Do we really need to see The Clock or the Ring all at once to appreciate its beauty and power? I admit to taking Wagner in small doses on CD and DVD over the years for both aesthetic and logistical reasons over the years, but I feel I’ve learned to gain some value from the time spent. You can see from 12:04 to 12:07 pm of The Clock on YouTube, which is just a tiny fraction of the whole work, but you get the gist of how the film moves and touches upon the issues addressed throughout. Colin Firth pops up at both the beginning and the end of the YouTube clip as just one of the reappearing actors whose changing age becomes a minor motif of The Clock, making the actors stand-ins for our own mortality. Moments of joy in anticipating a romantic encounter or anxiety at anticipating approaching death also appear in that clip to represent Marclay’s continual focus on the twin towers of life’s meaning—love and death—which are also the times in real life we tend to watch the clock most closely. Coupling that clip with the reading and research I’ve done on The Clock, I feel, as with Wagner’s magnum opus, I’ve gained a fair share of value for the time spent.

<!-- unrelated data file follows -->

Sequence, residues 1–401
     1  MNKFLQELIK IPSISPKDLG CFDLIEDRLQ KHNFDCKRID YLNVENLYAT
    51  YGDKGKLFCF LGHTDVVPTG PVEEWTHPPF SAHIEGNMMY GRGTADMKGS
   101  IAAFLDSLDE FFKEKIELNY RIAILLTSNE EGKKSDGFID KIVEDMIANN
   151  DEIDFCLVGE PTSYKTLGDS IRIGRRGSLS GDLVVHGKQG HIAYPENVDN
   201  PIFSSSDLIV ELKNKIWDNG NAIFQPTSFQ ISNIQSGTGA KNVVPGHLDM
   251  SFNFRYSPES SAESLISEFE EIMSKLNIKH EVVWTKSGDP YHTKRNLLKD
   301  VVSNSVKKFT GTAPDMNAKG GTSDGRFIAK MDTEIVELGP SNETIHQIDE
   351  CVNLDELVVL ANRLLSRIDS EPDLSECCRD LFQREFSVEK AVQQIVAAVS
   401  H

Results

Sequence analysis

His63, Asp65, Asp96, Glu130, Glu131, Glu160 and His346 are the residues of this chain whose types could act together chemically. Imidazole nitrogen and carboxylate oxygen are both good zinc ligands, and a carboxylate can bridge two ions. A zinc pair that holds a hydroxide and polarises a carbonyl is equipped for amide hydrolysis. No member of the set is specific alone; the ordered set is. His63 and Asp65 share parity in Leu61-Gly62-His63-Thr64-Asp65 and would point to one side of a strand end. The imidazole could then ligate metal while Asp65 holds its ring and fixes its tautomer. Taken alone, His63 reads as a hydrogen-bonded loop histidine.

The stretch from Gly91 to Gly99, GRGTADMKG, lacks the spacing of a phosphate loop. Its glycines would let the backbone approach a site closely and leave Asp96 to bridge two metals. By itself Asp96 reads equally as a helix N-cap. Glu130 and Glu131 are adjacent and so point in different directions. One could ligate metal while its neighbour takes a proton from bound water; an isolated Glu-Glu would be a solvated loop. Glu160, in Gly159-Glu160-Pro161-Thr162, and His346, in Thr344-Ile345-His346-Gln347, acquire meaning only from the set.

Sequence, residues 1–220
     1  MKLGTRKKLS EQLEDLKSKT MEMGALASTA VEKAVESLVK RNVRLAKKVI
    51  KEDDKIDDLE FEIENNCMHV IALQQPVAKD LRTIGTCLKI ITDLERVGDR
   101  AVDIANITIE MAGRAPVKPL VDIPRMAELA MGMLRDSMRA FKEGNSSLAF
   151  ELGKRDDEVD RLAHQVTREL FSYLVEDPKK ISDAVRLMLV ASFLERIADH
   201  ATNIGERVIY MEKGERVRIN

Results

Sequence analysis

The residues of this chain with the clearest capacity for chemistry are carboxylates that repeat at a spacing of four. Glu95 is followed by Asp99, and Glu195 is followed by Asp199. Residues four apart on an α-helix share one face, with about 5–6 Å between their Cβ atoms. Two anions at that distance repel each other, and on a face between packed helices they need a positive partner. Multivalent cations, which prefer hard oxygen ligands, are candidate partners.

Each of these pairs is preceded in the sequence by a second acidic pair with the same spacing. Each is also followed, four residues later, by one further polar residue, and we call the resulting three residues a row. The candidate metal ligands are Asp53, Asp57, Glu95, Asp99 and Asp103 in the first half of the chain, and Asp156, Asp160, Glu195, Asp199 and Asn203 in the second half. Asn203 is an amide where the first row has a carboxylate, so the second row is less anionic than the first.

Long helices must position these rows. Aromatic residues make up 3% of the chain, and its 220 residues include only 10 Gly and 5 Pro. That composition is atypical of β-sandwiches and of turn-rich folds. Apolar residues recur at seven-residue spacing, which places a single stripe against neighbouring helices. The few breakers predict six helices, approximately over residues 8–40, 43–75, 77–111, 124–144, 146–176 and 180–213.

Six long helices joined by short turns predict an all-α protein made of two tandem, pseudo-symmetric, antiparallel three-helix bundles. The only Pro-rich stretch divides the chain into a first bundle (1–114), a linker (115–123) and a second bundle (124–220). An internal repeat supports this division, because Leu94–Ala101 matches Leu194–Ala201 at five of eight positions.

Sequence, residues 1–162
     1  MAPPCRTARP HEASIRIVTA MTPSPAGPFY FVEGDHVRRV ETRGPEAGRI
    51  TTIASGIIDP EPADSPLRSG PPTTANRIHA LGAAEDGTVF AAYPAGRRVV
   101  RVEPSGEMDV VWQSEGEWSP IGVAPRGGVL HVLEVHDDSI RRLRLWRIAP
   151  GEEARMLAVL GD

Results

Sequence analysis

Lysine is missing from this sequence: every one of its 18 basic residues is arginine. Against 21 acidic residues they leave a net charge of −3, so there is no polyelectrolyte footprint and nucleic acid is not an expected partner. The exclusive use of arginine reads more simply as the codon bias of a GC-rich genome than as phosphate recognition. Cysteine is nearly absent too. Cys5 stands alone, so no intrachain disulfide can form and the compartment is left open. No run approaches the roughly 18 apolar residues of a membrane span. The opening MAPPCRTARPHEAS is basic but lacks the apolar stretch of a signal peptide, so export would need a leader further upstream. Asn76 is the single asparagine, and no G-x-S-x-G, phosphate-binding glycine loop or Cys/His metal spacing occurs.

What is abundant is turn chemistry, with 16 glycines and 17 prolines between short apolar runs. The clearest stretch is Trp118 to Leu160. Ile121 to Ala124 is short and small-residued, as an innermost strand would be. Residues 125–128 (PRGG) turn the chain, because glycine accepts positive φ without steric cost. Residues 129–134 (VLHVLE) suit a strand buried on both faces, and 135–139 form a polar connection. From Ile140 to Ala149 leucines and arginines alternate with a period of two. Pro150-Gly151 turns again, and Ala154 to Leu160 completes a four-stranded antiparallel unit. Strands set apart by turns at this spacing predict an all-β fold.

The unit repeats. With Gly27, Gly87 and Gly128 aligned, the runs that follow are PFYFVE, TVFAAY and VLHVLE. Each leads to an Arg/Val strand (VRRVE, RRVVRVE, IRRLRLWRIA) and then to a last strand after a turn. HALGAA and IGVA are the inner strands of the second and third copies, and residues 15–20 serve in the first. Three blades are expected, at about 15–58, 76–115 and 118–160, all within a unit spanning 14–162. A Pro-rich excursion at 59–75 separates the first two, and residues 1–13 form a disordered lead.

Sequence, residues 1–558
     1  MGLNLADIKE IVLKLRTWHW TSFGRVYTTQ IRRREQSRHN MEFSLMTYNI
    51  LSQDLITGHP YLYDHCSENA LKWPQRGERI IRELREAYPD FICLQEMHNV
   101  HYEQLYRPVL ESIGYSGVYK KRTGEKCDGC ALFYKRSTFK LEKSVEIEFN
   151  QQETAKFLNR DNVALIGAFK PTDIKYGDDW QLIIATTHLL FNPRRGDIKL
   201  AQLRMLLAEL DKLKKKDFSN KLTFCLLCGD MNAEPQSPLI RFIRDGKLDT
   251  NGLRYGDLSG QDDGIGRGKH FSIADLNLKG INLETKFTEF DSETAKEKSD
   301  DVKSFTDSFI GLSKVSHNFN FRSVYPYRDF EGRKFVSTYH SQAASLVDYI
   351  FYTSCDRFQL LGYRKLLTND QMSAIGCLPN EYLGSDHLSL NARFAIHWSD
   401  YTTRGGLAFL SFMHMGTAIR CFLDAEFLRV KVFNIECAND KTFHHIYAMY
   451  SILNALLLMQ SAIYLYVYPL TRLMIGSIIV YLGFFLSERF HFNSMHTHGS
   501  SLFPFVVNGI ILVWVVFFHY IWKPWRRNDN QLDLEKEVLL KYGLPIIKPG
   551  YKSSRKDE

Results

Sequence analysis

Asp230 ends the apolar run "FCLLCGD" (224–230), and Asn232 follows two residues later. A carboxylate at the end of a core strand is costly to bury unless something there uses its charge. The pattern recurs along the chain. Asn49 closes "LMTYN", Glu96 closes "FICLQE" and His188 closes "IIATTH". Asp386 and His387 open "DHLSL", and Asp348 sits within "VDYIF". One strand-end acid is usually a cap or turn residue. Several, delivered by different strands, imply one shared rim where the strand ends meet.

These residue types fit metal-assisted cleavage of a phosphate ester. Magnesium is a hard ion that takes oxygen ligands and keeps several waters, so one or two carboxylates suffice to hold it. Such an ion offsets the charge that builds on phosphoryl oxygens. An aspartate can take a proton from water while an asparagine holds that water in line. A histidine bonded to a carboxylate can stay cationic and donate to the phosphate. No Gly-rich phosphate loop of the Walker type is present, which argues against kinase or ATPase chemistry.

But even if Marclay didn’t intend for us to spend a whole day watching his cinematic day, aren’t we missing something for not having that total experience or at least trying to have that experience? Isn’t reading just Swann’s Way from Marcel Proust’s À la recherche du temps perdu and calling it enough, missing Proust’s point? Some works of art exist only if we feel them in their entirety. Herman Melville’s Moby-Dick feels like a long slog at sea precisely because Melville wanted us to experience a disorientating weariness while imaginatively “standing” beside the crewmembers of the Pequod as they questioned whether to follow Captain Ahab on his quest. Think of it as a chronological component of multimedia virtual reality. In addition to experiencing sights, sounds, smells, and all other sensory data, our sense of time is manipulated by the artist. Wouldn’t spending a day watching The Clock make us appreciate all the other days we have to live even more, a multifold return on our temporal investment?
Whereas Benjamin Franklin said that “Time is money,” Marclay says in The Clock that “Time is meaning.” Whether we get a little or a lot of it, The Clock reminds us that time is man-made and that, ultimately, we rule it rather than it rules us. Stop watching the clock and watch The Clock, if you can.
[Image: Christian Marclay. Detail of The Clock. 2010. Single-channel video with sound, 24 hours. © Christian Marclay. Courtesy Paula Cooper Gallery, New York, and White Cube, London. Photo: Todd-White Photography.]
[Many thanks to the Museum of Modern Art, New York, for providing me with the image above and other press materials related to their exhibition of Christian Marclay’s The Clock, through January 21, 2013.]